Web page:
Netflix Officially Pulls Out of the Cannes Film Festival
In what has to be one of the pettiest cinematic feuds in recent memory, Netflix has decided to pull all of its titles from the Cannes film festival. The decision comes shortly after Cannes announced that it will no longer allow films without theatrical distribution (i.e. most Netflix movies) to play in competition in the fest. Although those films could, in theory, still play outside of competition, Netflix chief content officer Ted Sarandos isn’t having it.
Speaking with Variety, Sarandos confirms that Netflix has returned fire by pulling its films from Cannes (although I suspect the festival will be just fine without them). The streaming studio was set to bring five films to the prestigious festival in France, including new titles from Green Room’s Jeremy Saulnier, Paul Greengrass and Alfonso Cuaron — the latter, Roma, could very well become an awards season contender.
The Netflix exec said the company wants their films “to be on fair ground with every other filmmaker.” Although they could play outside of competition, Sarandos believes it would be disrespectful to the films. “We loved the festival,” Sarandos says, referring to 2017, when Netflix premiered Bong Joon-ho’s Okja and Noah Baumbach’s The Meyerowitz stories at Cannes — or, as he hilariously calls them, “the biggest films in the world last year.”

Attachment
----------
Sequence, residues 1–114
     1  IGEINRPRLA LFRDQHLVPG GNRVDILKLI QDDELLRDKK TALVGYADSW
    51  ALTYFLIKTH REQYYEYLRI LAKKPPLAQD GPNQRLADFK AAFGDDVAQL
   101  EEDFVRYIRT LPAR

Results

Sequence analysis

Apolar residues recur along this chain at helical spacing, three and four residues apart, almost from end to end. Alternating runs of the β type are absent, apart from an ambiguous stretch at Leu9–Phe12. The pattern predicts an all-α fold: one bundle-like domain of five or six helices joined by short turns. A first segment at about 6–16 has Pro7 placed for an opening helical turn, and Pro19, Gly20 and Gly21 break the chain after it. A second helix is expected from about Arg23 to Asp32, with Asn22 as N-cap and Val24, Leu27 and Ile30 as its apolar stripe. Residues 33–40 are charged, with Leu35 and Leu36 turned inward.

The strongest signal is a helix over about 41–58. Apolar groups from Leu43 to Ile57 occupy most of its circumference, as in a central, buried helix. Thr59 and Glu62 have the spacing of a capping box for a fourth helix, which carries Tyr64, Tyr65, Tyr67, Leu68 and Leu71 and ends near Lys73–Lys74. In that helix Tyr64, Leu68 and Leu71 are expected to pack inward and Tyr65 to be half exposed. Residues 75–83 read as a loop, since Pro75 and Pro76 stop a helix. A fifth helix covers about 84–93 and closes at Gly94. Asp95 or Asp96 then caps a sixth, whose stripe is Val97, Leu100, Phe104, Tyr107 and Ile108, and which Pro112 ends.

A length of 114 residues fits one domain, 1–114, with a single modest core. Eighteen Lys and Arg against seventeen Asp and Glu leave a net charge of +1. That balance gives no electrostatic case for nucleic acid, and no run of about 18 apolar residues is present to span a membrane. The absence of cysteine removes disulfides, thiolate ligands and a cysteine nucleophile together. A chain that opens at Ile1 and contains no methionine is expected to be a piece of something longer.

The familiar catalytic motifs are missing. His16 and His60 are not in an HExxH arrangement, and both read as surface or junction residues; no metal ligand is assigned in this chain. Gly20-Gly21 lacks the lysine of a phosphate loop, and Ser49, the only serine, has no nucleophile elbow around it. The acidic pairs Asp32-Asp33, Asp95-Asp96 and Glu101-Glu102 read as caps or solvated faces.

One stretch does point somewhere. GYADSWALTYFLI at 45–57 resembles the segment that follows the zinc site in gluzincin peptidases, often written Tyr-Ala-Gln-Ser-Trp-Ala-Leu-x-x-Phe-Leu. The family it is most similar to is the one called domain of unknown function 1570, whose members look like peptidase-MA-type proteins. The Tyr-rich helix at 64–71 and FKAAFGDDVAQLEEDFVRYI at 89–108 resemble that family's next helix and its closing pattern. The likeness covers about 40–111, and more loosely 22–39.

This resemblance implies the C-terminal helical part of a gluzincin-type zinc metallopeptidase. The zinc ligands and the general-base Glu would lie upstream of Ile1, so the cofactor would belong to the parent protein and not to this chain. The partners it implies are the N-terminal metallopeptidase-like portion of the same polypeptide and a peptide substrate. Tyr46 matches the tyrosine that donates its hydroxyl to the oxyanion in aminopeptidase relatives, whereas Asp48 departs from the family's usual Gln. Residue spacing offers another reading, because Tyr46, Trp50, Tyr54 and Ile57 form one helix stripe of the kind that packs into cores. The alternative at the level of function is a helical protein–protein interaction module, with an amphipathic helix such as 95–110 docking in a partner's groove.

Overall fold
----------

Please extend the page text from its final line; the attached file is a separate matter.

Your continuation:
Sarandos believes that Cannes artistic director Thierry Fremaux “has chosen to celebrate distribution rather than the art of cinema.” He also doesn’t think it’s a coincidence that the rule change was instituted at the same time as the recent selfie-ban. “I don’t know what other advances in media Thierry would like to address,” Sarandos said.
Tensions began mounting between the two last year due to a law in France that prevents films from being made available on home platforms (like TV and Netflix) for 36 months after theatrical release. Some would argue that by doing so, France is more supportive of the cinematic arts than Netflix, a corporation that doesn’t give the majority of its films a theatrical run — a consumer-oriented strategy rather than an artist-oriented one. (A distinction worth noting: Fremaux’s title is “creative director,” while Sarandos is “chief content officer.”)
Regardless of which side you land on in this debate, it’s clear that the films and filmmakers are senselessly caught in the middle, and it seems unfair that great directors like Cuaron and Saulnier are being deprived the chance to screen their films at such a prestigious festival.